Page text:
Do you need a financial plan?

Canadians agree that financial planning pays off by delivering real value. In two recent studies — The Value of Financial Planning and The Value of Advice: Report — a majority of Canadians agreed that by choosing financial advice, they accumulated more assets and were better prepared, financially, for retirement.

Canadians agree that financial planning pays off by delivering real value.

In two recent studies — The Value of Financial Planning and The Value of Advice: Report — a majority of Canadians agreed that by choosing financial advice, they accumulated more assets and were better prepared, financially, for retirement.

Over half reported that they were on track to reach their desired lifestyle in retirement, compared to just 18 per cent of those who don’t receive any financial advice.

Most also felt that integrated financial planning improved their ability to save, made them less concerned about their financial situation and feel better about having the discretionary income to lead the life they want — and very importantly, it gave them greater peace of mind.

Do you need a financial plan?

Yes – if you have an income, a family or hopes of one in the future, retirement lifestyle dreams, and for many other financially-rooted reasons that are unique to you. In general, your financial plan should include investment planning, cash flow planning, education planning, estate planning, insurance planning, retirement planning, and income tax planning.

But the key to a successful financial plan is tailoring each of those elements to you and your needs. To achieve that, a competent professional adviser will take you through this six-step planning process:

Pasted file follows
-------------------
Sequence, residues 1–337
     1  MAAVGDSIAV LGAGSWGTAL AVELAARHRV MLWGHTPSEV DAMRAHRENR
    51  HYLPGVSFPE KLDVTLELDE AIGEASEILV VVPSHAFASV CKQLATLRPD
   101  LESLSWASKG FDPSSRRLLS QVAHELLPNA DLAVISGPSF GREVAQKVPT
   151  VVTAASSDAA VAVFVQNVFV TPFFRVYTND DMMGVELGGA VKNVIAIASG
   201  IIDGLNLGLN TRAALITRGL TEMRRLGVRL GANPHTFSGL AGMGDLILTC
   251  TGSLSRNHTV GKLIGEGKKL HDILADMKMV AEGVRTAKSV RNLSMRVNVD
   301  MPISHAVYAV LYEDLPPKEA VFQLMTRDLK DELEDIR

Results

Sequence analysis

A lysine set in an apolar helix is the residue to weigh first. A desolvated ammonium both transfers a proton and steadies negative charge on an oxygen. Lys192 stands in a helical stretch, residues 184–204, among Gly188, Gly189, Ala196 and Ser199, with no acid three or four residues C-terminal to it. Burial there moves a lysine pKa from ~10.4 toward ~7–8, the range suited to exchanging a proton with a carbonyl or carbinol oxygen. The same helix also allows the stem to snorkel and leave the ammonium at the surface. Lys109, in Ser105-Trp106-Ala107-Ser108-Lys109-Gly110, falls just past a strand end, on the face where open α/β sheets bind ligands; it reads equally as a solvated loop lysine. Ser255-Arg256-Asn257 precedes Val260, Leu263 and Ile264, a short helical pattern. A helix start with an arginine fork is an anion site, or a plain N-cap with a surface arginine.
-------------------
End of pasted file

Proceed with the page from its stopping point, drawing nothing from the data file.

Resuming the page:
1. Goal setting — to define and prioritize your goals and concerns.

2. Data gathering — bringing together pertinent financial information to understand your current financial situation.

3. Financial analysis — using your current and projected financial situation to establish how much tax you will pay and how to reduce your taxes; whether you’ll have enough income to cover your retirement expenses and ways to ensure you will; what you can do to better meet your income needs; and strategies for protecting your family and income should you become disabled or die unexpectedly.

4. Plan formulation and recommendations — reviewing and agreeing on solutions for achieving your financial goals and improving your overall financial life.

5. Plan implementation — a written report that summarizes the steps you need to take to make your plan work.

6. Monitoring and plan review — staying on track by reviewing your plan at least annually and when major life events occur.

Comprehensive financial planning is necessary. It’s also complex.

It should be precisely tailored to your life as it is today and easily adaptable to the constant changes life brings your way. When you add a professional adviser to your financial team with the qualifications, tools and track record you can count on, you can rest assured that your personalized plan will do the job for your life.

J. Kevin Dobbelsteyn is a certified financial planner with Investors Group Financial Services Inc. His column appears every Wednesday.

 

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